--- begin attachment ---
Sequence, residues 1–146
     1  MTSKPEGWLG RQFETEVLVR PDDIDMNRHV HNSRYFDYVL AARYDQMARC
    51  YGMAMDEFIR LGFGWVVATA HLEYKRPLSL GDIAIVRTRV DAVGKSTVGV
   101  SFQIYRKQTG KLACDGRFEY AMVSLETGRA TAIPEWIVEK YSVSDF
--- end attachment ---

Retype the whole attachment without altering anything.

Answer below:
Sequence, residues 1–146
     1  MTSKPEGWLG RQFETEVLVR PDDIDMNRHV HNSRYFDYVL AARYDQMARC
    51  YGMAMDEFIR LGFGWVVATA HLEYKRPLSL GDIAIVRTRV DAVGKSTVGV
   101  SFQIYRKQTG KLACDGRFEY AMVSLETGRA TAIPEWIVEK YSVSDF